PCOM Granted Regional Accreditation
Pacific College of Oriental Medicine (PCOM) recently announce it has received regional accreditation from the Western Association of Schools and Colleges (WASC). This achievement reflects five years of hard work on the part of faculty, staff, and students.
A Poor Choice for Pain Relief
Acetaminophen is the most popular pain reliever in the U.S., accounting for an estimated 27 billion annual doses as of 2009. With 100,000-plus hospital visits a year by users, it's also the most likely to be taken inappropriately.
The Tide is Rising in the Acupuncture Profession
Former President Ronald Regan said, "When the tide rises all boats float." The tide is rising for the acupuncture profession. Many forces outside the profession are helping the tides to rise.
Leg-Length Inequality and Pelvic Fixation: A New Approach to the Negative Derifield (Part 2)
As we noted in our previous article, with a positive Derifield (+D), the doctor observes the reactive (shorter) leg in the prone position that becomes longer or "crosses over" in the flexed position.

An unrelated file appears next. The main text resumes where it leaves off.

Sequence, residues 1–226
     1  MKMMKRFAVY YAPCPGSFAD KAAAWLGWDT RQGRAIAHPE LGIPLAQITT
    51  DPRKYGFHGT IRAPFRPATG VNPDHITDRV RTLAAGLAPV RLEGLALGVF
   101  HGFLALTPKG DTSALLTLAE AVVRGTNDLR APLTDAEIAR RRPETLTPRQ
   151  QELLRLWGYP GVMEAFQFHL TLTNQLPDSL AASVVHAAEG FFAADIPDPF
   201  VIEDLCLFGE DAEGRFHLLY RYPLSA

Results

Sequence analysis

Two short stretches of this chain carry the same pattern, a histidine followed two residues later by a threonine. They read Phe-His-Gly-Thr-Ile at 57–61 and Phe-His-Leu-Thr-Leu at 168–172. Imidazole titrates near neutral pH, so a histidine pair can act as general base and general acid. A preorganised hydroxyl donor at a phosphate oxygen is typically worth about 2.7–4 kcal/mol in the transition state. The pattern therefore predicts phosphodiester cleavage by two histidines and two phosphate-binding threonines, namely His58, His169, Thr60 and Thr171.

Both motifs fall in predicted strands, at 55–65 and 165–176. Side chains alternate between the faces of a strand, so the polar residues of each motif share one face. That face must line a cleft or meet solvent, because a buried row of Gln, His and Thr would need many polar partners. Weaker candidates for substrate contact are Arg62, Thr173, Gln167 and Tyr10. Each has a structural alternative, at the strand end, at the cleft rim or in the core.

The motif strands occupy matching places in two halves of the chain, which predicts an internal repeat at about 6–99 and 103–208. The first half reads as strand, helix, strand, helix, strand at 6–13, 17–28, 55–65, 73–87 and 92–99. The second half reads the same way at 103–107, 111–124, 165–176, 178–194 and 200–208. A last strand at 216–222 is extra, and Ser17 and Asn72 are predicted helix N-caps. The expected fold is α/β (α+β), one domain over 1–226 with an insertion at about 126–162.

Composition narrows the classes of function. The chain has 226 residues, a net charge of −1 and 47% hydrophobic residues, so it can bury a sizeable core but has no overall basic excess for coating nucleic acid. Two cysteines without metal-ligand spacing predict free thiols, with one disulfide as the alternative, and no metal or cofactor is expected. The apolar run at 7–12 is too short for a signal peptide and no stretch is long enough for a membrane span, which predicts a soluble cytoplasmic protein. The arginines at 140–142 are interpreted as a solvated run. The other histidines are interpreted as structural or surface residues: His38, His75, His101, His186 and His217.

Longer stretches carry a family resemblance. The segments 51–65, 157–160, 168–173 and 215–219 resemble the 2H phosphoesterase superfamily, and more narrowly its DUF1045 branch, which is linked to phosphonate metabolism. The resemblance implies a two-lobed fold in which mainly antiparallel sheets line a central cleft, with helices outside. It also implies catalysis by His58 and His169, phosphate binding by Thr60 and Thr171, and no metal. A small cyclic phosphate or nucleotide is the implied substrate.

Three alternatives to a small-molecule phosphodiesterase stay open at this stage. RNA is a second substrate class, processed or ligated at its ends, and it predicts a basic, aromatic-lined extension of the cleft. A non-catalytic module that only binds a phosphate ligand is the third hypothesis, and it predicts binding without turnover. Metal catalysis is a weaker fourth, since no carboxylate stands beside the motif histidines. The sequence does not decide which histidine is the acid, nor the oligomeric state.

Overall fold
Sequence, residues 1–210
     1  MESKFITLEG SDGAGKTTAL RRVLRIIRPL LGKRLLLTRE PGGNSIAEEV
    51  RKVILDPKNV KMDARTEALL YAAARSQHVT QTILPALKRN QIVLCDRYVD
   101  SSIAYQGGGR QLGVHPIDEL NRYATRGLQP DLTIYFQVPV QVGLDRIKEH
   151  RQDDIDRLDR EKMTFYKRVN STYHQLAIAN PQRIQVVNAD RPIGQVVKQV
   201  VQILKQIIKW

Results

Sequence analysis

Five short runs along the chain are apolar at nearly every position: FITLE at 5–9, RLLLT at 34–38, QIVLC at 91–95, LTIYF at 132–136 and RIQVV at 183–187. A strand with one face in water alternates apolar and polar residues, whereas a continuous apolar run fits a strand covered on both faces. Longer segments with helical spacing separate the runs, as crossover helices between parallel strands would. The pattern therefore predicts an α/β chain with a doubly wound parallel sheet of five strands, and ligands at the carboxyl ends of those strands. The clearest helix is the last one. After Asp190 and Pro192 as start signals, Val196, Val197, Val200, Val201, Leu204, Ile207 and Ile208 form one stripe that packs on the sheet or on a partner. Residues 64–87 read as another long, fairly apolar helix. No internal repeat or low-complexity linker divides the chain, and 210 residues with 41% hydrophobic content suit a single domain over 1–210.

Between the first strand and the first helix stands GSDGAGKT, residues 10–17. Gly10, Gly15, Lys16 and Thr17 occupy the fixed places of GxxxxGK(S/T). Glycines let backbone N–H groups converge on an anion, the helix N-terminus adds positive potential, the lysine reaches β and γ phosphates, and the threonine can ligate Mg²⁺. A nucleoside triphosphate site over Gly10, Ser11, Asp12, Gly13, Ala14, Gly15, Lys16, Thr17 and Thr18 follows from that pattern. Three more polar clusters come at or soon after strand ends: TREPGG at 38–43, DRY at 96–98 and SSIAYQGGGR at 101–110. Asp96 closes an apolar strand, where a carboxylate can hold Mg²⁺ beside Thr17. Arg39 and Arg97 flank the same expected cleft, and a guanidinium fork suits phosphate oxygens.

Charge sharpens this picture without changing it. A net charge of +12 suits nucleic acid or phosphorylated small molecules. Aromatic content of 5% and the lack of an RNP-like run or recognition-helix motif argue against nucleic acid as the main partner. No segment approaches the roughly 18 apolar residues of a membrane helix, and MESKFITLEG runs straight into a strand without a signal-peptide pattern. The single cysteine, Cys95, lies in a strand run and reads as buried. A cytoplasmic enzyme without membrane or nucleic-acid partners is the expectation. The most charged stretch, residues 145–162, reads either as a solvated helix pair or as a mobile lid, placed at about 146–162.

We Get Letters & Email
A House Divided? (May 1 issue) provoked significant response from readers. Here are several of the surprisingly similar comments we received.
Animal Acupuncture: A Case Study in the Treatment of Traumatic Injury in the Equine
The rise of animal acupuncture in the U.S. began in the early 1970's as a result of the work by members of the National Acupuncture Association in Westwood, Calif.
5 Simple Steps to Create an Effective Marketing Calendar
In the educational experience of most healthcare practitioners, business and marketing are overlooked topics.
Integrating Art with Clinical Practice for Patients with PTSD: The Artemis Project
Are you restricted by those one-on-one clinic dynamics? Why not join colleagues and clients in experimental group settings? Three of us volunteered to do just that in Austin on behalf of women veteranss from all branches of the service.
Marijuana, Apathy and Chinese Medicine, Part 1
This article was written in response to the unheeded acceptance of marijuana as a harmless substance that potentially does good when used for the medical relief of pain.
Rethinking Musculoskeletal Pain – A Public Health Perspective